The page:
New children's books that will win over reluctant readers

A reluctant reader is a child (or adult) who does not enjoy reading and will never pick up a book of their own accord.

A child who's a reluctant reader and falls behind their peers in their reading ability is much less likely to get along in life. Reading isn't just a pleasurable pastime; it's a technology, one of the oldest and most important, that each of us needs to get to grips with in order to communicate, learn and work. At The Salariya Book Company, we pride ourselves on being experts at using all of the tools at a publisher's disposal to design new children's books that will win over reluctant readers. 

If you're a parent, a teacher or someone else concerned with encouraging a child to pick up a book, you can apply some of the same ideas to change his or her attitude. The most important thing to remember is never to shame reluctant readers or impose your ideas about what they ought to be reading:

1. If a child finds reading boring, it's no use complaining about 'short attention spans' – just pick books whose topics they'll find more exciting and that connect with their passion, whether it's for football or space travel! We always strive to frame our books around high-interest material that will engage children easily distracted by other media channels. In our science and history books, we pick topics that focus on the gory, gross or sensational. We also emphasise humour, believing that a child who's laughing and enjoying herself is far more receptive to reading and learning. Texts with lots of high-quality, dramatic or quirky illustrations also serve to make the books more inviting and appealing to children who are usually left cold by lots of words on a page.

2. Reading to your child, or reading along with them, is another way of further enlivening the reading experience and making it feel more like play than a chore. Some children respond to the conversational element of being read to, where they can ask questions or make observations of their own. It helps to make the reading experience feel more involving and personal.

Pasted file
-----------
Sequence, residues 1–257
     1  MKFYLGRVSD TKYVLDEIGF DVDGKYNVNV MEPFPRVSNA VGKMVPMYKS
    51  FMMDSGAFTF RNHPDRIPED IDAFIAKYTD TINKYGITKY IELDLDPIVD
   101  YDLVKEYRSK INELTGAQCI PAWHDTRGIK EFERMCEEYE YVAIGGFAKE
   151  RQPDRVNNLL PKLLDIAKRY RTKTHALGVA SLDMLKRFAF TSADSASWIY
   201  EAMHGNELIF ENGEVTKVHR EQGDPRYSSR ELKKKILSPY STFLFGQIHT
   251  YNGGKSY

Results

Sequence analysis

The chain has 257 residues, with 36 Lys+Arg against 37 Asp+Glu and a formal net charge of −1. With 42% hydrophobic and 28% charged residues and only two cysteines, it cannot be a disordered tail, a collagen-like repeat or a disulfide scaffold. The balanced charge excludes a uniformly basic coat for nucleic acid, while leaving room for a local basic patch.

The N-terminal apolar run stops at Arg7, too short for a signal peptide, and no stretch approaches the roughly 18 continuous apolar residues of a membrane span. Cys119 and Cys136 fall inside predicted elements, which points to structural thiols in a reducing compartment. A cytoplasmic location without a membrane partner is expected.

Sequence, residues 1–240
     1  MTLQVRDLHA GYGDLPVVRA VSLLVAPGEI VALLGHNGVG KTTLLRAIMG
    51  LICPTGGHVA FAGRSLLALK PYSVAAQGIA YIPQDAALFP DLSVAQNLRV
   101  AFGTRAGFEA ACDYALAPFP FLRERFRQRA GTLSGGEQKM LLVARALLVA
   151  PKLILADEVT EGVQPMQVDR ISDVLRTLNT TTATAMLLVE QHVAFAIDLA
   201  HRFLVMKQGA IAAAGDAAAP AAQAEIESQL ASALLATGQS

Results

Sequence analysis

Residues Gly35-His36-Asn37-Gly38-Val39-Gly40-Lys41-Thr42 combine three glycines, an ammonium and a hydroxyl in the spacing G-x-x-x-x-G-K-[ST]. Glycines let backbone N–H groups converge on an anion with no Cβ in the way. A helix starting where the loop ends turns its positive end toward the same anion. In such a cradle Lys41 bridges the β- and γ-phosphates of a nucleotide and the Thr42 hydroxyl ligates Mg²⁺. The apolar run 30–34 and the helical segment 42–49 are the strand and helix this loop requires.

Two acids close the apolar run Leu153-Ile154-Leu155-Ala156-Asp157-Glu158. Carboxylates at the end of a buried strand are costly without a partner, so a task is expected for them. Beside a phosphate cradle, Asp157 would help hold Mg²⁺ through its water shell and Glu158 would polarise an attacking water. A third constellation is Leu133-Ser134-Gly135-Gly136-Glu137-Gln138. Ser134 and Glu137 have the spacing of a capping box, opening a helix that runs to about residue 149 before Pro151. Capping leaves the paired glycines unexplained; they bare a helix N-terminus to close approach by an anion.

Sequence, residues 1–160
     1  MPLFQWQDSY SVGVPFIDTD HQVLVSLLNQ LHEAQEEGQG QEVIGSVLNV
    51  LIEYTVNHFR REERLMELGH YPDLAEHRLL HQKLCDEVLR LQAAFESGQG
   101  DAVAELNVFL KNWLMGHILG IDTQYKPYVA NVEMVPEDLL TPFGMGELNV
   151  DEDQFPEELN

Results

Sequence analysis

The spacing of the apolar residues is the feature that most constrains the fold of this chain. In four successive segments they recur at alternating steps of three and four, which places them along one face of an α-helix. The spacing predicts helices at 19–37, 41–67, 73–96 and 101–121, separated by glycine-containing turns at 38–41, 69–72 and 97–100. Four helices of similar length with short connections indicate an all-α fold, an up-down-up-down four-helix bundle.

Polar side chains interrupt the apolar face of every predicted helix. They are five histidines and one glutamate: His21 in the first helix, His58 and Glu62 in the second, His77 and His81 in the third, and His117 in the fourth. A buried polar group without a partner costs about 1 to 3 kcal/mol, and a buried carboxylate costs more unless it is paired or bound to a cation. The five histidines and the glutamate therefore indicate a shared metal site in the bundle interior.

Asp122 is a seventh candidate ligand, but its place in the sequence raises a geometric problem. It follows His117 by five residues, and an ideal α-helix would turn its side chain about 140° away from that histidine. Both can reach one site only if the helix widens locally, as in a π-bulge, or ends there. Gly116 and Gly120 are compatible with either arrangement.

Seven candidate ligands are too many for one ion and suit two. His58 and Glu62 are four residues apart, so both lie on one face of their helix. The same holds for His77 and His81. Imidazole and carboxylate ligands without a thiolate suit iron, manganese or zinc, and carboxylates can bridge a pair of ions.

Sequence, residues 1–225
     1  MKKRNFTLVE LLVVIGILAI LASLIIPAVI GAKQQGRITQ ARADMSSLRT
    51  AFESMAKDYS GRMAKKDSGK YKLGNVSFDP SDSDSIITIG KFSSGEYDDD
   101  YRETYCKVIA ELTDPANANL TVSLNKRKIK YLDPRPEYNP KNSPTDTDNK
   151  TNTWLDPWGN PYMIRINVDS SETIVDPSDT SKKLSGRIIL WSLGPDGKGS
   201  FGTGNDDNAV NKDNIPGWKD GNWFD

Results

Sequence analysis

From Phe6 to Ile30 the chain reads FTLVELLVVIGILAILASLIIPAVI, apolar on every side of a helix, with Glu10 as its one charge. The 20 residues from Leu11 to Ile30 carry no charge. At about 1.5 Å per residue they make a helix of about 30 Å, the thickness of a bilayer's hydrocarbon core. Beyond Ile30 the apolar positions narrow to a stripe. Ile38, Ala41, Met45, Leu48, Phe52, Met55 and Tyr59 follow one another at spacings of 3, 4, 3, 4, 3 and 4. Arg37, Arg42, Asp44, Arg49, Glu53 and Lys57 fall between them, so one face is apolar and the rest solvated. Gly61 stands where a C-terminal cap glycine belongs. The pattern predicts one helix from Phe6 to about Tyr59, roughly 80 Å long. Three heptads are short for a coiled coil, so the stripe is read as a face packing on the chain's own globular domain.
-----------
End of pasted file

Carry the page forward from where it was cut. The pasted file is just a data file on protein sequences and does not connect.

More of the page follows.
3. If a child is being put off or intimidated by the complexity of language in most books aimed at their age range, don't be afraid to offer them books geared to a younger audience or containing simplified text, such as comic books or graphic novel versions of classic novels. You might also introduce them to books that break text up into different forms, such as bite-sized fact boxes, annotated diagrams, timelines and maps, as this can make the reading process feel more varied and lively.

4. As is widely known, it is often boys who are the most reluctant readers. Many boys are not interested in reading unless they can see an immediate, practical 'use' in what they're reading about, so a good way to win them over is by providing technology, science and information titles that explain the world to them. We always ensure that we include tips and simple experiment instructions in our You Wouldn't Want To Live Without books alongside the main text, which give these practical-minded readers the opportunity to relate the book directly to the 'real' world and feel more actively engaged with it via the reading process.

Image removed.We believe that every child has a bookworm inside them waiting to wriggle out. With the right approach – one that takes into account a child's own interests and tastes, and looks for books that make the reading experience dynamic and exciting – you can convert your reluctant reader to the wonderful world of books, too!

written by David Salariya, founder of The Salariya Book Company. 

 

 

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